PITTSFIELD, Mass. — The MPO wants to take a much more serious look this fall at how public transportation serves its customers.
The Berkshire Metropolitan Planning Organization is in charge of prioritizing federal transportation dollars allotted to the county. That includes funding for the Berkshire Regional Transit Authority.
The issues with the BRTA haven't changed in years — a lack of funding leads to limited hours, infrequent service, and constrained geographic coverage.
The MPO wants to "think outside of the box" and find how to address some of those issues to better serve the community.
"If we want to crack some of the fundamental barriers in the region we have to think outside of the box of fixed-route transit," Berkshire Regional Planning Commission Executive Director Nathaniel Karns said.
Transportation issues touch on a lot of aspects of the area: getting workers to jobs, residents to health facilities and students to secondary and higher education institutions.
Andrea Sholler, managing director of Jacob's Pillow Dance Festival, said the public transit system makes it difficult for her employees. The venue is tucked into the hills of rural Becket and, during the summer, she needs some 75 workers, mostly for minimum wage, low-skilled jobs. Often those jobs are going unfilled because she has difficulty hiring people who have access to transportation.
"We have jobs that go unfilled. For us, we would really like to have an opportunity with other employers when issues are being discussed," Sholler said.
Alisa Costa from Pittsfield's Working Cities program said single mothers have been particularly affected by the lack of transportation. She told the story of a young mother of three who had to move out of the area because she couldn't get to her job at the hours she was needed. The same issue echoes true for recent immigrants, who can find jobs but have no ways to get to them.
Costa said she's asked state Sen. Adam Hinds to include state funds for a pilot program for Pittsfield that would run shuttles from the West Side or Morningside neighborhoods to the Downing Industrial Park or Coltsville, where there are jobs available.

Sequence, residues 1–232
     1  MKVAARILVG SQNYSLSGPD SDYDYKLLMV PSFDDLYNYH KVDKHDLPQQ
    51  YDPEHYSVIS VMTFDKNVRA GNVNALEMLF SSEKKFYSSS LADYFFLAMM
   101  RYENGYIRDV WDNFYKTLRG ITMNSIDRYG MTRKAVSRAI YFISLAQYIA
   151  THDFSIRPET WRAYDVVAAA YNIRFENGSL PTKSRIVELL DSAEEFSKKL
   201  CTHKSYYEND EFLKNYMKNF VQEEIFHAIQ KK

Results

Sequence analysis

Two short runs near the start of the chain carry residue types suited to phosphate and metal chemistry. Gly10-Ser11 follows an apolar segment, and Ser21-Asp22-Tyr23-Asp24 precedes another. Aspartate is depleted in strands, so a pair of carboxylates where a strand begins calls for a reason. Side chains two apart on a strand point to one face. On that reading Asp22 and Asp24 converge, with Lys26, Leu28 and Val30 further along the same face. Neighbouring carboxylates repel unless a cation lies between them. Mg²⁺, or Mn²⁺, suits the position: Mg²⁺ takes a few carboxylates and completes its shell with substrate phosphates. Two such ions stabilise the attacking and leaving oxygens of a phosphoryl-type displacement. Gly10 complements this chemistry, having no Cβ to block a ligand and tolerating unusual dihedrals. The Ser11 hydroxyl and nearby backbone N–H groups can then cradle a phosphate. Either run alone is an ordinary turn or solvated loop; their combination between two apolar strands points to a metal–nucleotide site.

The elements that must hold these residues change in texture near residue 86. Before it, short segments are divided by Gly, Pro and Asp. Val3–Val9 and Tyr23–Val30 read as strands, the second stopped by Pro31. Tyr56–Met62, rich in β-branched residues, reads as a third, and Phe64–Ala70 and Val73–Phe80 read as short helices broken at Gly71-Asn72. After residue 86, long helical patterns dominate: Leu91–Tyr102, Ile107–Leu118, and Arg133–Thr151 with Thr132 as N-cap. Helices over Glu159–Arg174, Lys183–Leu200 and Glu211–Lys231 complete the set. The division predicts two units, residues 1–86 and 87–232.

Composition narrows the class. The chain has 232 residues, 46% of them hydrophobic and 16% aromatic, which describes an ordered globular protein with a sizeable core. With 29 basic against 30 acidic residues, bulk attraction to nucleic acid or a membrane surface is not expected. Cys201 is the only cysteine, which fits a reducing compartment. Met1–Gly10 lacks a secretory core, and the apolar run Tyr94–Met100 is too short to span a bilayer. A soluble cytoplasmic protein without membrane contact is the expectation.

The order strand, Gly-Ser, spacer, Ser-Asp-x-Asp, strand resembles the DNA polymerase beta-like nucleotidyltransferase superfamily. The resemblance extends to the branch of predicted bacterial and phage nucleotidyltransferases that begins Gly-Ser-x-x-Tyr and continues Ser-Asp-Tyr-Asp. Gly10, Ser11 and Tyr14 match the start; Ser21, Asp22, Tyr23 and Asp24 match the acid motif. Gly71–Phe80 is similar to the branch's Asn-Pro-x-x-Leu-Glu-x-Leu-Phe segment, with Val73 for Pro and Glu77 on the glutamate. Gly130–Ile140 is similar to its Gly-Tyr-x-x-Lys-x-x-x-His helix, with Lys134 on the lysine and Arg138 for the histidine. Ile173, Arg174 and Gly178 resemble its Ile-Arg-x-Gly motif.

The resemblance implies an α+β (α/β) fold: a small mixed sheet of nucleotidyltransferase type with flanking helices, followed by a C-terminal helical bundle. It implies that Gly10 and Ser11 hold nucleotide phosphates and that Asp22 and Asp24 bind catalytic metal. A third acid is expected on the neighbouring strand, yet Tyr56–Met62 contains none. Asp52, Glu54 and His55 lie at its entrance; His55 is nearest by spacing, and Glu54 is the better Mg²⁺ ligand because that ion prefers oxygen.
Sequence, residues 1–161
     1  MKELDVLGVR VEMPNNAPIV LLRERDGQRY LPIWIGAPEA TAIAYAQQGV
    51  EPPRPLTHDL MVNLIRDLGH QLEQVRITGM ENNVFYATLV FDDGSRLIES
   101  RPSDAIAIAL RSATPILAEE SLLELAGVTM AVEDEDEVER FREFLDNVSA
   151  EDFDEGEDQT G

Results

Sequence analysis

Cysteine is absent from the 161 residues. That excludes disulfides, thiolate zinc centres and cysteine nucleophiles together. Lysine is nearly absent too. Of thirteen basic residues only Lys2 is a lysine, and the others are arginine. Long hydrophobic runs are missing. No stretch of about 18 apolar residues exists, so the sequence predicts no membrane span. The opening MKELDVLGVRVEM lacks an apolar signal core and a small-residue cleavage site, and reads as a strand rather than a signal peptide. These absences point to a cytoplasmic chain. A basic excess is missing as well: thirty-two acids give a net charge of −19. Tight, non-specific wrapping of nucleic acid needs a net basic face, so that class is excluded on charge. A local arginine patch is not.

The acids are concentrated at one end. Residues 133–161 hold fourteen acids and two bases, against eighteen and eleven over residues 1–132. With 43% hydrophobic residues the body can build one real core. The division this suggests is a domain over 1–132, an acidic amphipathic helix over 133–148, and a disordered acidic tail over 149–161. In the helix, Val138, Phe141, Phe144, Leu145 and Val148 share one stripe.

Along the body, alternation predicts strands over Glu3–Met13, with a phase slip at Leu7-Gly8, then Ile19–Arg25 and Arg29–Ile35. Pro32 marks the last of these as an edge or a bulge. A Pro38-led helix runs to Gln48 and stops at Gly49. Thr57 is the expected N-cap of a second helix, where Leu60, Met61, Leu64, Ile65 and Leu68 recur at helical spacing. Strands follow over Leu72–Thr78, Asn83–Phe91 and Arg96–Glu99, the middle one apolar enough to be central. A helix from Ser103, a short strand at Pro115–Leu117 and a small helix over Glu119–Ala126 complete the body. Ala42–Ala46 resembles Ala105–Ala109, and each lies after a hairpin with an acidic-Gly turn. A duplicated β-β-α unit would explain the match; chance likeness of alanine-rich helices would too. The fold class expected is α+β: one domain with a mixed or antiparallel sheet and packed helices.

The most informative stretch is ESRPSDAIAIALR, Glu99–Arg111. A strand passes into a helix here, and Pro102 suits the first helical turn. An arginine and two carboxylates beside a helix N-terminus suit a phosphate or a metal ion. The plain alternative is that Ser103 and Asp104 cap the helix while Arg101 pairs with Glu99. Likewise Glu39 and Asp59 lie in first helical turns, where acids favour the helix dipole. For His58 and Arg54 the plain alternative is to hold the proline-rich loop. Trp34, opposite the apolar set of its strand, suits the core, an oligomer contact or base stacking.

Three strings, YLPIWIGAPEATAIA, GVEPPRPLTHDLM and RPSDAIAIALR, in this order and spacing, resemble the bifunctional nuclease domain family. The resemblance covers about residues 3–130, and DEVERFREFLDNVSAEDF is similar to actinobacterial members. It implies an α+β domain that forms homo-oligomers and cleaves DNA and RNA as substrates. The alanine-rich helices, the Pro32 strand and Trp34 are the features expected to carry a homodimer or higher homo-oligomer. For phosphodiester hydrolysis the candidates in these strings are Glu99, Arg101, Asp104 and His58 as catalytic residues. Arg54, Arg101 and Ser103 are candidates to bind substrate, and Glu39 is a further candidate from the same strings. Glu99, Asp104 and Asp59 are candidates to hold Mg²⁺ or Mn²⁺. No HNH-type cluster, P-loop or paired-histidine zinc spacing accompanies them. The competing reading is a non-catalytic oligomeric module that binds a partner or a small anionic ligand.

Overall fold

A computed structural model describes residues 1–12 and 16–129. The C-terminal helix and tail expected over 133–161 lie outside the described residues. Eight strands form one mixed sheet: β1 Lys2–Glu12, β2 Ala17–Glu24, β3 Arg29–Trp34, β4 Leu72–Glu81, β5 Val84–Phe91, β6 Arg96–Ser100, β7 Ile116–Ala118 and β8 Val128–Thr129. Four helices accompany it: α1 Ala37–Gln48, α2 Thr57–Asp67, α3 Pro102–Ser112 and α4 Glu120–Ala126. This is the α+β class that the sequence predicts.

But overall, the Working Cities program wants to be involved in transportation planning at the early level to help ensure that those populations who need public transit the most, have some say. Costa said the program may not know all of the ins and outs of a transportation system, but it does know the ins and outs of how it needs to operate to better serve its populations.
Karns said he's heard a similar concern from Berkshire Community College. He said there are many people who decide not to attend or quit the college early on because they struggle to get to classes at the outer West Street campus. He's also heard it from those in the public health field, who say the lack of transportation restricts access to health care for many.
Steve Woelfel of the state Department of Transportation said those are exactly the conversations the local MPO members need to have not only among themselves, but by interacting more with the end-users of the system.
"These are the discussions we need to have more rigorously out here," he said. "Transportation itself is not important, it is what it unlocks."
MPO member Jim Lovejoy lives in rural Mount Washington and he understands that there are a lot of miles with low populations, making a traditional public transit system unsustainable. But, he added that there can definitely be ways to identify specific needs and react to them.
The MPO will now use the next few months to "brainstorm" about ways to better improve the system. Karns is looking for information from the BRTA on how its system matches up with other rural systems throughout the country. The group hopes to have a close relationship with both the customers of the system and the BRTA that will, in turn, help the MPO decide how to use the federal funds available.
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